Annual Meeting Home
Final Program
Past & Future Meetings
 

 

Back to Annual Meeting Program


Long Term Outcomes of Failed Prosthetic Breast Reconstruction
Derek L. Masden, MD, Samir Rao, MD, Maurice Nahabedian, MD, Scott L. Spear, MD.
Georgetown University Hospital, Washington DC, DC, USA.

Introduction
For patients undergoing prosthetic breast reconstruction whose device was removed due to infection or exposure, there is no published information examining long-term outcomes. Despite initial failure, many patients wish to pursue breast reconstruction. It would be helpful to know whether second attempts at reconstruction can be successful, which factors influence secondary reconstructive choices and which factors are associated with eventual success.
Methods
A retrospective review was performed of immediate prosthetic breast reconstruction failures performed by two senior surgeons over a 5-year period. Failure was defined as any device removed for an extended time period for infection or exposure.
Results
29 breasts in 26 patients were identified who failed primary prosthetic 2-stage reconstruction. On average, the device was removed 262 days from initial expander placement. 19 were removed for infection, 7 for exposure, and 3 for a combination of both. Of these 29 failures, secondary reconstruction was attempted in 20(69%). Among secondary reconstructions, 13 were with a device and 7 with autologous tissue. Only 1(7.7%) of the secondary device reconstructions subsequently failed and was removed, with the remaining 12(92.3%) successful at an average 596 days from secondary reconstruction.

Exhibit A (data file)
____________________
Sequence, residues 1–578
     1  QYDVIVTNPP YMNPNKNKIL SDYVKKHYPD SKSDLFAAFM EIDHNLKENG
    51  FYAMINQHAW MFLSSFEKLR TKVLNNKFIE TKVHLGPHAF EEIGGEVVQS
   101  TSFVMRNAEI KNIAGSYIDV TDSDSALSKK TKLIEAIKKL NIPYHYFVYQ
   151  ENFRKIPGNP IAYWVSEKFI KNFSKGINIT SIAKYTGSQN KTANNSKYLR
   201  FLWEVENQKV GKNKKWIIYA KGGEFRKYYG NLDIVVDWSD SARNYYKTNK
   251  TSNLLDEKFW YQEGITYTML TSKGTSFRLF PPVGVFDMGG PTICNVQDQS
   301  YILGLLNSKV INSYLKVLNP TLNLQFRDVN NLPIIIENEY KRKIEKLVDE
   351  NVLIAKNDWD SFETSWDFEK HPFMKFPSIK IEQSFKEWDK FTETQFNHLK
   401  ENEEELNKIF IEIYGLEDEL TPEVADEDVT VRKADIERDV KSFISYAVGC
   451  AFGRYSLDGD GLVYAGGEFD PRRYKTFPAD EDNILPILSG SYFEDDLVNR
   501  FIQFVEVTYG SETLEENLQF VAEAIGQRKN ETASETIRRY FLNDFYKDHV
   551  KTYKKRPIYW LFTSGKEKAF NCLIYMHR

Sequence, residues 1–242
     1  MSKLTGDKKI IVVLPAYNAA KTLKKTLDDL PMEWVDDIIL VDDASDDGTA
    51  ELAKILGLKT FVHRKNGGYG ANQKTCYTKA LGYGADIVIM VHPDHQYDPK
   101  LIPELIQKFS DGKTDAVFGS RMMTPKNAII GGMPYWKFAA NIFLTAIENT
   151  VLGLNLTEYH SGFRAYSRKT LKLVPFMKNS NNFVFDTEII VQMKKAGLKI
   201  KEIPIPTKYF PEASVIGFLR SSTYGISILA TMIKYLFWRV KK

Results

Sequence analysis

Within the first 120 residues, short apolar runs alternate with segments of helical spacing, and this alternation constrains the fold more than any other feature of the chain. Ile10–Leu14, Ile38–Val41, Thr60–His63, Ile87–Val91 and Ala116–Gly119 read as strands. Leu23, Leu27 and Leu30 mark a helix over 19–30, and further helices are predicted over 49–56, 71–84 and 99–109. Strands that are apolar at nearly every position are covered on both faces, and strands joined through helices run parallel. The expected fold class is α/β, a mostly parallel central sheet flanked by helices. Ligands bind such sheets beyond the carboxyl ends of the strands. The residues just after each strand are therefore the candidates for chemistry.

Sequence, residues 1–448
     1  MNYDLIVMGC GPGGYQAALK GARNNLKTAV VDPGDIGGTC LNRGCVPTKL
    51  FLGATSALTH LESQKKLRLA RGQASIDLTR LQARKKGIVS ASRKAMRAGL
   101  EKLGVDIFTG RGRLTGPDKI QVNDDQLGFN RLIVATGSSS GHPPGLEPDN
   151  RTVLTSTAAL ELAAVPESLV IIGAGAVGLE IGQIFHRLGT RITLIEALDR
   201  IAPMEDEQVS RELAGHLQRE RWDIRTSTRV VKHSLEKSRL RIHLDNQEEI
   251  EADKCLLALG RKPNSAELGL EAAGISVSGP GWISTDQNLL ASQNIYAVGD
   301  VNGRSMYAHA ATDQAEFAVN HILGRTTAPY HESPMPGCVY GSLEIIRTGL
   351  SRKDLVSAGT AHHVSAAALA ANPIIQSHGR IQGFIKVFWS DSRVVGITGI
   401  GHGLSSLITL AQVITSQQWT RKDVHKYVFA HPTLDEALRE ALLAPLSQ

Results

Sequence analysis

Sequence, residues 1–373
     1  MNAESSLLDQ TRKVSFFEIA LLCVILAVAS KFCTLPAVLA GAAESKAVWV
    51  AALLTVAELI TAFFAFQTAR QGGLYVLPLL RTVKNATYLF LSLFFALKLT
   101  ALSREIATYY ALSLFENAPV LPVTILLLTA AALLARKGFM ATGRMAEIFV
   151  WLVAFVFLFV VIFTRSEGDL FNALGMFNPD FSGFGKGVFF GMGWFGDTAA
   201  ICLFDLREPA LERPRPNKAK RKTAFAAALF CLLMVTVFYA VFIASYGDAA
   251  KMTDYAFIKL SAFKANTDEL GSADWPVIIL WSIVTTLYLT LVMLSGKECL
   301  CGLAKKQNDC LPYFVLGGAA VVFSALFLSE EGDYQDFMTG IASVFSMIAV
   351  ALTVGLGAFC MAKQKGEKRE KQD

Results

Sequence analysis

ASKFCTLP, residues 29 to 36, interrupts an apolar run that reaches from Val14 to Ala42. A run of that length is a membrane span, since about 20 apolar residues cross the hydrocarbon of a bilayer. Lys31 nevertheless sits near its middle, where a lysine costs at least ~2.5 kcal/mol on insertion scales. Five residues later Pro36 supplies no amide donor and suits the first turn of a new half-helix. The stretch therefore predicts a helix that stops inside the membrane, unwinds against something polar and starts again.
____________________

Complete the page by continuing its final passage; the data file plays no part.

Those in whom secondary reconstruction was attempted were younger at initial reconstruction (48 vs 57 years; p=0.038), had lower BMI’s (26.0 vs 29.4; p=0.27), and smaller breasts (650 vs 979 gms; p=0.23) than those that didn’t attempt secondary reconstruction.
100% of nipple-sparing mastectomy patients underwent secondary reconstruction, while only 61% of skin-sparing mastectomy patients underwent secondary reconstruction (p=0.14).
For patients undergoing secondary reconstruction, those receiving a second device reconstruction had lower BMI’s(24.7 vs 28.5; p=0.18) and smaller breasts (489 vs 946 gms; p=0.08) than those with autologous reconstructions. 15 percent of the secondary implant reconstructions underwent irradiation versus 43 percent of the secondary autologous reconstructions(p=0.29).
Discussion
In this series of patients who failed primary prosthetic breast reconstruction, two-thirds went on to successful secondary reconstruction. Smaller BMI, smaller breast size, younger age and retaining the nipple were associated with attempting secondary reconstruction.
Patients that underwent irradiation, had larger breasts, and higher BMI’s were more likely to undergo autologous reconstruction than a second implant reconstruction.
After failed prosthetic breast reconstruction, a second attempt with a new implant in properly selected patients has high success rates (92.3%).


Back to Annual Meeting Program

 

 
© 2018 Northeastern Society of Plastic Surgeons. All Rights Reserved. Privacy Policy.